It is important to know the difference between a tantrum and a meltdown. A tantrum is when a child is frustrated and angry because they are either are not getting their way or not being understood. A meltdown is when a child is overwhelmed and unable to control or regulate their emotional response.
First and foremost, pay attention to what triggers the behavior. Is it because they have a hard time ending an activity they prefer? Try to set your child up for success during this hard transition. Five minute verbal warnings, a sand timer, etc. It also helps to give your child a sense of control. For instance, if you need your child to leave an activity they enjoy to clean up and get ready for dinner I would give the child a five minute warning, then ask them if they would like to wash hands or set the table first. By letting them choose what they do next it gives them a sense of control over the situation.
At times tantrums may happen because of a lack of communication and the child is not being understood, especially with toddlers. Encourage your child to use their words (if possible) or show you what is bothering them. If your child is having a hard time communicating it helps when you model the language. Praise and positively reinforce when they are able to tell you or show you what is bothering them. Therefore the next time they know they will get their needs met with this positive behavior instead of spiraling into a tantrum.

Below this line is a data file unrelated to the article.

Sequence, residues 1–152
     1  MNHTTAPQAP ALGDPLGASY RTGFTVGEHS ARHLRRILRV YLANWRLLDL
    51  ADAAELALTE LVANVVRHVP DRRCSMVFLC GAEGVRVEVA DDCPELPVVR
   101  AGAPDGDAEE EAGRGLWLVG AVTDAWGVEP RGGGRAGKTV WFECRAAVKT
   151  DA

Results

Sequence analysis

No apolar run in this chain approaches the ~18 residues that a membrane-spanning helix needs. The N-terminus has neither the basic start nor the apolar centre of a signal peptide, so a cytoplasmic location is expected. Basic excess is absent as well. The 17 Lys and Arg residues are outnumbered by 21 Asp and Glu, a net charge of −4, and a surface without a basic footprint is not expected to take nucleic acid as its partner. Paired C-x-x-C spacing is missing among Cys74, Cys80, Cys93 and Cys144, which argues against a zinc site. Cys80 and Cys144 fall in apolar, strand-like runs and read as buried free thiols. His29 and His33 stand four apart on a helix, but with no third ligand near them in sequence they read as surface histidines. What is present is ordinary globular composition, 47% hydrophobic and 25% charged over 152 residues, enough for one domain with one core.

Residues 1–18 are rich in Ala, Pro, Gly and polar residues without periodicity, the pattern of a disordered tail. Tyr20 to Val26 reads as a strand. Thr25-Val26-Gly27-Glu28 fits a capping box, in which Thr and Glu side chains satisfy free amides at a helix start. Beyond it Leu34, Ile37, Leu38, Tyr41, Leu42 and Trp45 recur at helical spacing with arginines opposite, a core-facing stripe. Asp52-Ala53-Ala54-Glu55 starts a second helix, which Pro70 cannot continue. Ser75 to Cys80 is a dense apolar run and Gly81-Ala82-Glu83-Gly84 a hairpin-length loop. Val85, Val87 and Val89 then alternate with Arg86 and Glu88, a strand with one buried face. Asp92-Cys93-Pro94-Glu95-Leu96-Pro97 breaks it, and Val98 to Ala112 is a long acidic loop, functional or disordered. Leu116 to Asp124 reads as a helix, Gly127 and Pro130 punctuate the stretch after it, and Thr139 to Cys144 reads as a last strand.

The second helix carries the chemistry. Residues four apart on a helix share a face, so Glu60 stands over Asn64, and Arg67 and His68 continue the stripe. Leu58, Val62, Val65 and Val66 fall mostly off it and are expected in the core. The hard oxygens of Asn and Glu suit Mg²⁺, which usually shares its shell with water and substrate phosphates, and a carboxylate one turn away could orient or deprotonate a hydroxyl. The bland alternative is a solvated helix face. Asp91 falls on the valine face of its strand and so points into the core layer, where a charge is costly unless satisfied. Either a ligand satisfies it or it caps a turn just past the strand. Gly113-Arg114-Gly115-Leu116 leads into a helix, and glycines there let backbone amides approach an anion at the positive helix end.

When it comes to meltdowns I suggest taking note of the time of day it occurs. It is right after school? Or after a virtual learning session? Your child is holding it together during these times and it is perfectly normal for them to unravel when they feel safe around you.
Know your child’s limits and adjust accordingly. If you find your child having meltdowns at birthday parties don’t avoid them entirely. Adjust your expectations. Who says you need to stay at birthday parties the whole time? If you find your child does well the first hour and then loses it once it’s time to sing ‘happy birthday’ it’s OK to say goodbye and exit stage left beforehand. What matters most is your child learns how to self-regulate and have a positive experience during these occasions.
What Parents Can Do
Children fed off of their parents energy. The most beneficial thing you can do while your child is having a tantrum or meltdown is KEEP CALM. I know it’s easier said than done, but you will see the difference and how quickly your child is able to come around when you are calm. Modeling the coping skills they need to learn is crucial when it comes to handling tantrums and meltdowns.